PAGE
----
For the purposes of my PhD research, I tend to think of Eleanor Roosevelt as one of Franklin Roosevelt’s central attributes. Not a very feminist perspective. Eleanor Roosevelt was a great woman and politician in her own right. Especially after FDR’s death, as US delegate to the United Nations, and as chair of the Human Rights committee, she was an important political figure, not primarily because of who she was, but because of what she did.
But if, like me, you wonder how FDR has evolved as an icon in American memory, and secondly what he did to manage that (future) image, it makes sense to think of Eleanor as a theme in that memory, and a prop in FDR’s image management. Many biographies of both ER and FDR and monographs about the Roosevelts together suggest that they themselves did so too. Or even, that they saw each other and their marriage as instrumental in building each of their public lives and careers.
Being married to the president obviously gave Eleanor a great deal of agency – she had access to the president, and probably more importantly, as activist First Lady she could reach a far larger audience than she would have otherwise, regardless of the content of her activism or her own charisma. She wrote in many magazines, had a daily newspaper column, held her own press conferences, etc. Moreover biographers mostly agree that ER only became publicly active when this became a logical step within the progress of FDR’s career.
Eleanor’s public presence and renown was also very helpful for FDR. She was in some ways more radically left-wing than his administrations were. A well-known example of this, is the way they together dealt with the problem that FDR was very popular with African Americans on the one hand, but also in electoral term needed to keep the voters in the traditionally democratic states in the South of the US in the fold. In such dilemmas, Eleanor would speak out in defence of civil rights, so that Franklin did not have to openly condemn lynching. As such, you might argue she was in charge of symbol politics, but the symbols were often very important. She created, for instance, the possibility for black opera star Marian Anderson to perform at the Lincoln Memorial in Washington DC, after she had been denied the opportunity to perform at the Daughter’s of the American Revolution club, because of her skin-color (and she resigned her club membership).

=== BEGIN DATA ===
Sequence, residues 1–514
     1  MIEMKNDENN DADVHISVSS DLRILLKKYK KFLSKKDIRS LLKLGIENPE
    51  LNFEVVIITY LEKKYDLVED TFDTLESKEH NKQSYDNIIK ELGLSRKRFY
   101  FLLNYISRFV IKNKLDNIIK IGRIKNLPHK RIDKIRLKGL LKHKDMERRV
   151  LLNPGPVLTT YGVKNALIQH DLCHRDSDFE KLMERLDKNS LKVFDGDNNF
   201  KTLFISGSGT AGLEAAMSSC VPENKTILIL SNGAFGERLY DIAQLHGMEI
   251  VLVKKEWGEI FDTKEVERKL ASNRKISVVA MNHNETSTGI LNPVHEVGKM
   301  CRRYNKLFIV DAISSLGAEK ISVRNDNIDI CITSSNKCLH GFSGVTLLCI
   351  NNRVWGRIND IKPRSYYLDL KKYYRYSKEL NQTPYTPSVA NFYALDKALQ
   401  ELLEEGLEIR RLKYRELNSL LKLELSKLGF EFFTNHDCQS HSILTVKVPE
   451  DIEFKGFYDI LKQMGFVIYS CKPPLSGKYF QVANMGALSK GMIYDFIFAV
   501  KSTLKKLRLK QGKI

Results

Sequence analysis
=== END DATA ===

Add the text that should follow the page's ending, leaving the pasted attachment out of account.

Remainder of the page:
Thus, Eleanor had an informal yet important political role, that helped Franklin, and simultaneously, she could become the important public icon because of her position. In the next few days, I’m going to try and discuss some anecdotes about aspects of her life and career here. The aim of doing so, is to find a central tenet that can be the central tenet of my Eleanor chapter. So if you discover a continuity in the upcoming posts I may not yet have spotted, please let me know!